NAME – Karen Zypchyn
POSITION – Stakeholder engagement and communications consultant
How long have you been in P2, and where have you worked?
I took the formal P2 training in 2014, but I’ve been involved with P2 for about 10 years without really knowing it. While I was a journalism instructor at MacEwan University, I taught students about citizen participation in the news, tracing its emergence and development in the news profession over a period of 10 years. The challenges faced by news organizations to involve citizens in news decision-making are similar to the challenges faced by all organizations – governments, businesses are all facing increased demands in decision-making and policy development.
Why is it important for citizens to be involved in the decisions a newsroom makes? Changing technologies facilitate much more immediate collaboration and cooperation with citizens, and the news industry has been struggling with how to deal with that like all organizations. News professionals have been experimenting with “citizen journalism” over the years, allowing citizens to do everything from attempting to help write editorials to sharing video footage and photos of live news events, but really, there’s still a hierarchy of newsroom decision-making that’s resulted in keeping some doors closed: ordinary citizens are allowed on the front end – sharing their ideas — or on the back end – commenting – but the doors to the inside, where news decisions are made, are still shut to citizens for the most part.
We see that now with public engagement: the actual decision-making is still done by the “man behind the curtain”; the challenge for governments and news agencies is to be more transparent and to permit more decision-making power to citizens. The issue of what decision doors should be opened and which doors should be closed still needs to be addressed.
The basic problem is that you have evidence that comes from experts and evidence that comes from non-experts, and the problem is to blend the different types of knowledge so they work together. How can newsrooms incorporate the citizen perspective to make the news? And how do governments make decisions and involve citizen voices? How do you gather all the information and make sense of it and then report what you get from citizens to help the experts make the final decision?
It’s about a clash of different knowledge and for years, we’ve “privileged” expert knowledge, but now we’re seeing a rise in the non-expert knowledge, and the challenge is to blend the two.
What turned you on to P2 in the first place?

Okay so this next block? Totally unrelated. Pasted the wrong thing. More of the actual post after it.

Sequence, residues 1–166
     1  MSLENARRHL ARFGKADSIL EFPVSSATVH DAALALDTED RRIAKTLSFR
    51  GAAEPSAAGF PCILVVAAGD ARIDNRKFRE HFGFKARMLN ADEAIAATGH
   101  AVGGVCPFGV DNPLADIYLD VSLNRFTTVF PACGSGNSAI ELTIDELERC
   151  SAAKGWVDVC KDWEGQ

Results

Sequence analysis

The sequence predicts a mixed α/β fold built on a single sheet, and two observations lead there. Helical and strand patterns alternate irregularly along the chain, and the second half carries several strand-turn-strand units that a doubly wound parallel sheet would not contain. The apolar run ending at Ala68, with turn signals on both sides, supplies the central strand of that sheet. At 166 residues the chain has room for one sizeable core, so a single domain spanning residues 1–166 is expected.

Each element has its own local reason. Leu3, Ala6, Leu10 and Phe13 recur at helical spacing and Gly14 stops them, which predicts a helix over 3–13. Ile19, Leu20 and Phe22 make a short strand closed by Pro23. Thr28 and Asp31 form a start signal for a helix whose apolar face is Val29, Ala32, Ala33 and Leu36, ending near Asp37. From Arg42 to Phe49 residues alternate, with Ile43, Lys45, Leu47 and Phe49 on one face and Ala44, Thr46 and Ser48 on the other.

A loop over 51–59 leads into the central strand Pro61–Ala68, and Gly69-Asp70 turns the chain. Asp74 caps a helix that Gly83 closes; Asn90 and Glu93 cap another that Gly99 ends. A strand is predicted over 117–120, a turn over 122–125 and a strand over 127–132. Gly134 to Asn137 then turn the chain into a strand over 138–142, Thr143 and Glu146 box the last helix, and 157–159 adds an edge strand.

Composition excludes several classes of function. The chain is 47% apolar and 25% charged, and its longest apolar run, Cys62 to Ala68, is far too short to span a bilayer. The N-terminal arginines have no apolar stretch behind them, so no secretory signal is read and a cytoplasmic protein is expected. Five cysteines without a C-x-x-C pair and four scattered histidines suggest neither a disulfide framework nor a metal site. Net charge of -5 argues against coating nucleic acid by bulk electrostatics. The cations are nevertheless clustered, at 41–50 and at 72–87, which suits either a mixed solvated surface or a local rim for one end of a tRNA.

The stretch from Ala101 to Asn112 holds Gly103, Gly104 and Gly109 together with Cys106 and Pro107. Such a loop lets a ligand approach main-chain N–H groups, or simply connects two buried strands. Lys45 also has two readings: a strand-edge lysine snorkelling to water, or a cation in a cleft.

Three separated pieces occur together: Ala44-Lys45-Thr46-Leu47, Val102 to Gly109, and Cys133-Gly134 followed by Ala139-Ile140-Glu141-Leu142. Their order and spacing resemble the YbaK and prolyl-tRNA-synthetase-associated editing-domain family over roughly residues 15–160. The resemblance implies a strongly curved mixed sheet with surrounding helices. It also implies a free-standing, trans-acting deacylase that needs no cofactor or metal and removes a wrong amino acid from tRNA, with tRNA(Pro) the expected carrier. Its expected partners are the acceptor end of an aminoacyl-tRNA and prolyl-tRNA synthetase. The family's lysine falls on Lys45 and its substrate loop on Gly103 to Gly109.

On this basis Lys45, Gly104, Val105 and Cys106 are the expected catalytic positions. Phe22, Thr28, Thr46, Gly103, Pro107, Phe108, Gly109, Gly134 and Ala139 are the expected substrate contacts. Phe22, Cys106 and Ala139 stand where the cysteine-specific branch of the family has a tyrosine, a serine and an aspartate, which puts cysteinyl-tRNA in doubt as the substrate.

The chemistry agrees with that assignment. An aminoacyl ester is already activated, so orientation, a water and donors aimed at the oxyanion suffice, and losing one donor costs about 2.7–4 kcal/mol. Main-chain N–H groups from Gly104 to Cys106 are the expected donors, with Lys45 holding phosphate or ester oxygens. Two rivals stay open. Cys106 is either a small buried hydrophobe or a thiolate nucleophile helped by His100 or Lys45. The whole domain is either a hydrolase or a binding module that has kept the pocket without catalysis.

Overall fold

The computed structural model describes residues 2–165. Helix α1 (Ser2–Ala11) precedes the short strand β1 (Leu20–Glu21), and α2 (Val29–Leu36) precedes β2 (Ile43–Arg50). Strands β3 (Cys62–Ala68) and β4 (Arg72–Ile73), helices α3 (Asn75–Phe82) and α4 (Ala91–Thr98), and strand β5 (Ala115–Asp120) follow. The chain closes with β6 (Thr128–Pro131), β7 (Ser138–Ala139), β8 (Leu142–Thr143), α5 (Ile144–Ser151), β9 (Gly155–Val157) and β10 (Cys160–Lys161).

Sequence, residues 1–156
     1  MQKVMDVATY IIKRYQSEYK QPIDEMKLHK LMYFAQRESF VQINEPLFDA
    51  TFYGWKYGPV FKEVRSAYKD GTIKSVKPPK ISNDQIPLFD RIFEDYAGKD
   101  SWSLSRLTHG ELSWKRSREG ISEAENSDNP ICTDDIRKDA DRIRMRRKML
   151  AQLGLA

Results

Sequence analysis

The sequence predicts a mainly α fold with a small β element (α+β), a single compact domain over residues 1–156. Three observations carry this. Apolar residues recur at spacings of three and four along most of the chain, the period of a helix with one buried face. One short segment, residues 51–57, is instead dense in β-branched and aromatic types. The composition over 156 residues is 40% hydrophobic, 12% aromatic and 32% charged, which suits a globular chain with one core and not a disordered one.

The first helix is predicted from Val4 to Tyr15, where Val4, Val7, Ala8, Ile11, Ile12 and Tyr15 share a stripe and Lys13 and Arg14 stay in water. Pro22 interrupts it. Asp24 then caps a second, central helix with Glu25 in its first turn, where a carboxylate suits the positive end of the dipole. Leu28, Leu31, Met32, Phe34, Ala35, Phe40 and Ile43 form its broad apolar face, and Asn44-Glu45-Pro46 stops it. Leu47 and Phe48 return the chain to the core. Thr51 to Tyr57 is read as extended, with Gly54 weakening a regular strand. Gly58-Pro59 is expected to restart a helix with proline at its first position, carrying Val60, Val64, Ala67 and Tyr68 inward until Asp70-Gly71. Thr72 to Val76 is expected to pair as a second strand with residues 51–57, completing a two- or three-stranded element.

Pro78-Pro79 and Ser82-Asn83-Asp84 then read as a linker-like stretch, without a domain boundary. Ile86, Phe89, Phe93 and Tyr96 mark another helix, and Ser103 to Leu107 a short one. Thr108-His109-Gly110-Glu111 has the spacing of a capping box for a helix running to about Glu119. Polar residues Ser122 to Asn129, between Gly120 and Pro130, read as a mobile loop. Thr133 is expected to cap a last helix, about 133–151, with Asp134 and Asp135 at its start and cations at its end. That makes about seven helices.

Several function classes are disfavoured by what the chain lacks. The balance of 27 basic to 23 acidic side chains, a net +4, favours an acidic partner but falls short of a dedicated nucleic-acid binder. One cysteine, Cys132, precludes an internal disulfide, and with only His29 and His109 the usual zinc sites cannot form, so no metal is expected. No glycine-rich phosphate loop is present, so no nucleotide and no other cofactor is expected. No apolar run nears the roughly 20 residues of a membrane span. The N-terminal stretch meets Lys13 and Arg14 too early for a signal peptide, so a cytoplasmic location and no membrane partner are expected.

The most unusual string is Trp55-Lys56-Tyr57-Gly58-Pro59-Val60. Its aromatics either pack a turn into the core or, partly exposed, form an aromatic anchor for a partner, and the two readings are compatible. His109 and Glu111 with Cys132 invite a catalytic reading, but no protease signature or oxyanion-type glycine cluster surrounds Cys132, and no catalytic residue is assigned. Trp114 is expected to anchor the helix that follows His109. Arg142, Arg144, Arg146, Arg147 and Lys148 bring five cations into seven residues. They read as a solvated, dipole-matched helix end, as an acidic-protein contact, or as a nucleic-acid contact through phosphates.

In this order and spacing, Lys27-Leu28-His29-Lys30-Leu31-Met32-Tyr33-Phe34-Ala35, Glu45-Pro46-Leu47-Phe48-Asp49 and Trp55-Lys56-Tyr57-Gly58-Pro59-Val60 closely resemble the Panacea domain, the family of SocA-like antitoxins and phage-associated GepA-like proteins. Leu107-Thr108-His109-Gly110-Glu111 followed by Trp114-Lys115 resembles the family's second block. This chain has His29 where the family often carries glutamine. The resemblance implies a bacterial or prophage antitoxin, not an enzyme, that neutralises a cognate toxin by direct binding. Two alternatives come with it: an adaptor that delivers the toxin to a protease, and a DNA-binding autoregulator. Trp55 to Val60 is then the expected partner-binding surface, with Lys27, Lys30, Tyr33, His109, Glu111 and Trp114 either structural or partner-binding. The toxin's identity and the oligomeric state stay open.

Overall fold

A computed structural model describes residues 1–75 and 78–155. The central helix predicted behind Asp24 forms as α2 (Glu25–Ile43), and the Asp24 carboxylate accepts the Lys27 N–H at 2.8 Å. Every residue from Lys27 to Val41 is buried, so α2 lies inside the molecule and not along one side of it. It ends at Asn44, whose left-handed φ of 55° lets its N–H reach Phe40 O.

In 1999-2000, I sought training at the Canadian Film Centre in Toronto in “New Media Design”. I was one of first cohorts in this innovative program, which is still offered today.
I’m what you call an early adopter of innovation, and that’s how I see P2: it is an innovation and a way of giving up control and engaging audiences. That was what led me into online journalism … looking at new ways of doing things, harnessing different voices and making sense of lots of different information and knowledge. It’s about innovation and adapting, and not everyone does it well. I use the lens of innovation to help work with clients to help them find an approach. Innovation is a journey fuelled by change through a social process and it takes time.
Part of the approach is to create realistic expectations for P2. If you simply have one-off events – if you or your organization think you can do something in one shot and that that alone is going to get you the information you need, I challenge that. There has to be an approach, rather than symptomatic treatment of things, which is what I came to realize, putting together this White Paper.
It needs time – a 2-year window, in one study I looked at – to trace the impacts and evaluate the outcomes of public participation. The City of Edmonton, where I live, is going through major innovation through a Council initiative on Public Engagement, and I was invited to be part of it by participating on the working group on evaluation, reporting and awards. An audit report found the citizens of Edmonton said “we’re done with open houses,” and on-high, there’s a realization that the City has to change. It requires massive innovation and corporate cultural change.